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A tale of two families: the Beeman-Duncan Ranch

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Photo of Beeman-Duncan Ranch

An artist’s rendering of the Beeman-Duncan Ranch circa 1925.

One sees something of a mess on the southwest corner of State Highways 105 and 67 in Sedalia. Bad news. Abandoned property, right? Where are the bulldozers? Only old-timers know that the parcel embodies epic stories of two families, their fabric deeply woven into Sedalia’s rich history.

Born in Canandaigua, New York, in 1833, restless soul James Beeman found his way west after the Civil War. Previously a farmer in Michigan and Kansas, he married flatlander Keziah Jane Bradley. Several times he joined Buffalo Bill Cody to hunt buffalo that provided meat for transcontinental railroad workers. In that process, his heart was taken by the beauty that was Colorado.

In 1876, he and Keziah packed up all they could and bought the Jonathan House Farm in Plum, Colorado (soon to be renamed Sedalia). In their covered wagon were cuttings from Missouri walnut stock. Today, 146 years later, they are the trees that tower over the ranch driveway and that were thought to be quite personal to him then. When electrification lines were being routed, Beeman made it crystal clear with his shotgun that the lines needed to go on the other side of Highway 105.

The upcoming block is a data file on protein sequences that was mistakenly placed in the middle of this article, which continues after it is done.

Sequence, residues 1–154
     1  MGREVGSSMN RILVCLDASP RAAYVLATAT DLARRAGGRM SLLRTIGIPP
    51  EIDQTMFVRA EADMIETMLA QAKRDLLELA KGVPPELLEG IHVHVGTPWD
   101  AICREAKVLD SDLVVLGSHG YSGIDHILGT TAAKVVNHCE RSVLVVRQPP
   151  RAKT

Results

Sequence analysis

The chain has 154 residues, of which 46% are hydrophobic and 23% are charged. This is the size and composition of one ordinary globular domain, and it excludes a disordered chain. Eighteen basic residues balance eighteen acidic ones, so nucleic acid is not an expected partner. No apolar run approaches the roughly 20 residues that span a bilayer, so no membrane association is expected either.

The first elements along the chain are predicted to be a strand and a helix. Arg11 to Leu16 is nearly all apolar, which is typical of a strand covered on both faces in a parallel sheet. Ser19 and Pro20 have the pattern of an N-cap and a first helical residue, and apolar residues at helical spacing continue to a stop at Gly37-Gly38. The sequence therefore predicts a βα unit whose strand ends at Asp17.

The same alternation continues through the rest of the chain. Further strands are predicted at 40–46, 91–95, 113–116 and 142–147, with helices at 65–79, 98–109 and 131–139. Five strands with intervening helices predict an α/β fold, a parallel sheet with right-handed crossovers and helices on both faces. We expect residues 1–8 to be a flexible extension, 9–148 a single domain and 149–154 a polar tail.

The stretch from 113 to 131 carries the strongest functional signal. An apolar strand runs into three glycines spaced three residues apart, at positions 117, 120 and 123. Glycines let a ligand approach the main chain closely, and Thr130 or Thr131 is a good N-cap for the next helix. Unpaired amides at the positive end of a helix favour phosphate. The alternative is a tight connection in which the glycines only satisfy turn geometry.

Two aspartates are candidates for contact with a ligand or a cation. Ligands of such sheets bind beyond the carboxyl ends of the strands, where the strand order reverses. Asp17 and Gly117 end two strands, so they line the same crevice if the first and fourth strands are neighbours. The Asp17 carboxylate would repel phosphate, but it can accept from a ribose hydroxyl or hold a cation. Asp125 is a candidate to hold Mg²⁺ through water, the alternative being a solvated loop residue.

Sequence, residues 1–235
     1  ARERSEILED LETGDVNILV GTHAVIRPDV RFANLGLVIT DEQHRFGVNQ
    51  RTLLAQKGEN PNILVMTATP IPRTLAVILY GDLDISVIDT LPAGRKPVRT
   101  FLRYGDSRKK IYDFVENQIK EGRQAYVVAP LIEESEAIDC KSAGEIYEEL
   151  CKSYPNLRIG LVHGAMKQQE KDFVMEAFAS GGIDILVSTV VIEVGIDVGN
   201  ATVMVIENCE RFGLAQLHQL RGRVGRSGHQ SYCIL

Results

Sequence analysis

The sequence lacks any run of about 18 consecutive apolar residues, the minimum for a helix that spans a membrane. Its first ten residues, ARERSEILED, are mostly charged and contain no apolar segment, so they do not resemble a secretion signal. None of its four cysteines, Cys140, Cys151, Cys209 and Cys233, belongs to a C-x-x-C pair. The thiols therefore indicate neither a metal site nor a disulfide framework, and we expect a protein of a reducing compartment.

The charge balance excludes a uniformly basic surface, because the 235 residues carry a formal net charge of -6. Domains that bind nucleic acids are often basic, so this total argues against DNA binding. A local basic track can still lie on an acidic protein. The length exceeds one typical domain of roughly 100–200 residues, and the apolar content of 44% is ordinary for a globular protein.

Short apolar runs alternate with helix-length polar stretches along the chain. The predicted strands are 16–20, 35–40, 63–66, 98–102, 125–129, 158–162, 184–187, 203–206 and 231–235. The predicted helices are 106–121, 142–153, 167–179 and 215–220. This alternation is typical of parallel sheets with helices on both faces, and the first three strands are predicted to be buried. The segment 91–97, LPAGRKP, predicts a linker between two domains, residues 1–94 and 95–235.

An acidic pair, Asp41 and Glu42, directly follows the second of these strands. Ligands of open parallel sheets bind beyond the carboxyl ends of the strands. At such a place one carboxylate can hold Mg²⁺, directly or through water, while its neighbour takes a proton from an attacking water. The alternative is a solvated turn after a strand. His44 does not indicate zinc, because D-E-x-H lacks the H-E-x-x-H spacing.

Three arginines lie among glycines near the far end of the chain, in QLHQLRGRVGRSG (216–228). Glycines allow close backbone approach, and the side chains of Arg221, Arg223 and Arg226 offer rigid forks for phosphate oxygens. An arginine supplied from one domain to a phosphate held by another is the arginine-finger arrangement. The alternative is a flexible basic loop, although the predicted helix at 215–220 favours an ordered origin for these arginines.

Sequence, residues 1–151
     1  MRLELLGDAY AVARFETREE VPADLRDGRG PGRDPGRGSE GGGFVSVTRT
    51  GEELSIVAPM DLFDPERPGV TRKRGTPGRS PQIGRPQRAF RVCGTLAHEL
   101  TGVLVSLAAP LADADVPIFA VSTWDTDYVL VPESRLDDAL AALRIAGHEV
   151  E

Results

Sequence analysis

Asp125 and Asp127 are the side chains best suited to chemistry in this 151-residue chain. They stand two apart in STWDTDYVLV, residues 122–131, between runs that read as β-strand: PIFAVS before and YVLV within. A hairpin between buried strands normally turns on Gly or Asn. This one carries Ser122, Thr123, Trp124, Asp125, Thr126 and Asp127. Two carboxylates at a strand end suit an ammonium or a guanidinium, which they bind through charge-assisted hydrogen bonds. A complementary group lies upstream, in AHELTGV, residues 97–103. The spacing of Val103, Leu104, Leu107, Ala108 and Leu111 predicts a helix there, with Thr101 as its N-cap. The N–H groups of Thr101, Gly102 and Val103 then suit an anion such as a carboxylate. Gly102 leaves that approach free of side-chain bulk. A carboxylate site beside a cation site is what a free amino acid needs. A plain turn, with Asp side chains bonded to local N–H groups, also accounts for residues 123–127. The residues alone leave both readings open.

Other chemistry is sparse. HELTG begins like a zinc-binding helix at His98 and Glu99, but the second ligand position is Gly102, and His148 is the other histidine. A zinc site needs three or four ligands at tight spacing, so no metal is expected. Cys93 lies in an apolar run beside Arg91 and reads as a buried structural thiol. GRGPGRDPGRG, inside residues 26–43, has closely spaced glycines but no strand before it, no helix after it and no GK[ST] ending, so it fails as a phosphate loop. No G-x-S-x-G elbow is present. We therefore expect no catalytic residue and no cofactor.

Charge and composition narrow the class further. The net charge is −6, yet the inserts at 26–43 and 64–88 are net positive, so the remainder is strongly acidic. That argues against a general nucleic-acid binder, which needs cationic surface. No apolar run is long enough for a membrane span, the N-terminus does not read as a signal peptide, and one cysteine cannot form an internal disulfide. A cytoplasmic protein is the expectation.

The West was still a bit on the wild side in the late 1800s. Occupying a major crossroad and near the juncture of East and West Plum Creeks, there was a lot of action at Beeman’s corner. Located on the road to Denver from Colorado Springs, the Beemans allowed folks to camp and stable their horses overnight on family property. One four-legged overnighter kicked James in the head in 1878. The only person around to help was Victor Marquis, village smithy and de facto town doctor who managed to save his life. Barely surviving, James lost an eye. A direct consequence of that accident was that his son, Louis, a mere 8 years old, was forced to mature quickly, taking on any chore he could.

The ranch location was especially convenient for commerce. Realizing this, James and Clarence Frink of Larkspur struck a deal allowing the Larkspur dairy baron to build a creamery on a strip of Beeman land. It was a boon to the locals, serving as a perfect drop point for dairy herd production from farms along Jarre and Plum creeks. Everything was done on credit. Farmers were not compensated for their milk until retail customers had settled their accounts with Frink.

Close to Sedalia, the ranch pond had many uses. Before refrigeration, ice was king on the prairie and the Beeman pond provided freezy stuff to townspeople and local merchants. Yet there was plenty of ice left for other townsfolk to skate on in the winter. It was also a delightful place for Sedalia kids to avoid mischief and play winter games.

James predeceased his wife in 1911. By that time, Louis had long since taken over ranch operations from his father and married Harriet Davis in 1905. She fit in nicely, cooking for the family and hired hands. (Later, she would become Sedalia’s fire chief). Though they had two sons who worked the ranch, the Beemans sold out to Doctor William Duncan in 1918.

To be continued next month …

By Joe Gschwendtner; photo courtesy of Sedalia Historic Museum and Gardens



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